While previous films tried to develop the invisible character’s personality, this latest film attempts to dehumanize him as much as possible. Even prior to his invisibility, Adrian Griffin is rarely shown up close, and unlike Jack Griffin or Sebastian Caine, has very little dialogue. Even before we can’t see him, the character is more of a blunt, cruel force than a person. This approach makes this invisible man more like John Carpenter’s Michael Myers. He’s silent, sadistic, and deadly. There is nothing about this invisible man for us to latch onto, which causes us to empathize not with them, but his victim.
In not giving the character any personality, it makes the spaces he occupies empty yet malevolent. Adrian hardly speaks, so it’s easier to hide him. He rarely interacts with the world around him, so he may be present for an entire scene and we don’t know. As the film progresses, open rooms and doorways make us uncomfortable. Eventually, we are looking over our shoulders the same as Cecelia.
The new film begins and ends with Cecelia, played superbly by Elisabeth Moss. The science behind Adrian’s transformation takes a backseat to the impact it has on his victim. The film is a powerful parable on abusive relationships, with the titular villain slowly breaking down and isolating Cecelia from family, friends, and career opportunities. Her increased isolation and paranoia are shared with the audience, so when Adrian’s torment finally turns physical, we are genuinely afraid. Simply put, this new adaptation isn’t about him. It’s about her.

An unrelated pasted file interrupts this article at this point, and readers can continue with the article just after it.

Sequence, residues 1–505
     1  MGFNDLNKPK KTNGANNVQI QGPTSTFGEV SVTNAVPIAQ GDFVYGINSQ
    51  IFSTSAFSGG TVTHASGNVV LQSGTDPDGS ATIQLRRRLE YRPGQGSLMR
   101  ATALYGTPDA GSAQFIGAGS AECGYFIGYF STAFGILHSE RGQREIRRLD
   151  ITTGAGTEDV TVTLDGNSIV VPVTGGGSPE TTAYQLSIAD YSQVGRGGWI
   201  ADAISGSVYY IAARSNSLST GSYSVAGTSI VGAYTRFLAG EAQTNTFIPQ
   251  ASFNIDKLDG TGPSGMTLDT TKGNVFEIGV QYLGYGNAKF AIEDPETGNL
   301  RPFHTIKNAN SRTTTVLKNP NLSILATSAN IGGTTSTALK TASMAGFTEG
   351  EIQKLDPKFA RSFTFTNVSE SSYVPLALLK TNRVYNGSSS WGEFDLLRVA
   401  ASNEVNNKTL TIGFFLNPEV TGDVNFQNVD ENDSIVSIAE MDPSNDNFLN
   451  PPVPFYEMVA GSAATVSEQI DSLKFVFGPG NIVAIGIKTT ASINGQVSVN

While Wells’ original novel told of a madman’s countrywide killing spree, this film tells a deeply personal story of a battered wife’s attempts to escape her husband. On the surface, it’s very different, but this version of Griffin may be the closest yet to Wells’ original character. Adrian Griffin is a uniquely talented man who squanders his gifts on power and revenge, exactly as in the book. Both Griffins are geniuses and both use their brilliance in all the wrong ways. The key difference is one of focus. This is Cecelia’s movie, and in her, the film has crafted a memorable heroine.
This new adaptation is among the most unique of any screen version of Wells’ book, but that’s precisely why it’s one of the best, or perhaps THE best screen version to date. In focusing less on the title character and more on the victim, the film turns a premise long viewed as silly into one of the most genuinely effective horror films in recent times. Universal had previously attempted to resurrect their classic monsters with a failed reboot of The Mummy. If future attempts are less like The Mummy and more like The Invisible Man, we may be in for a treat.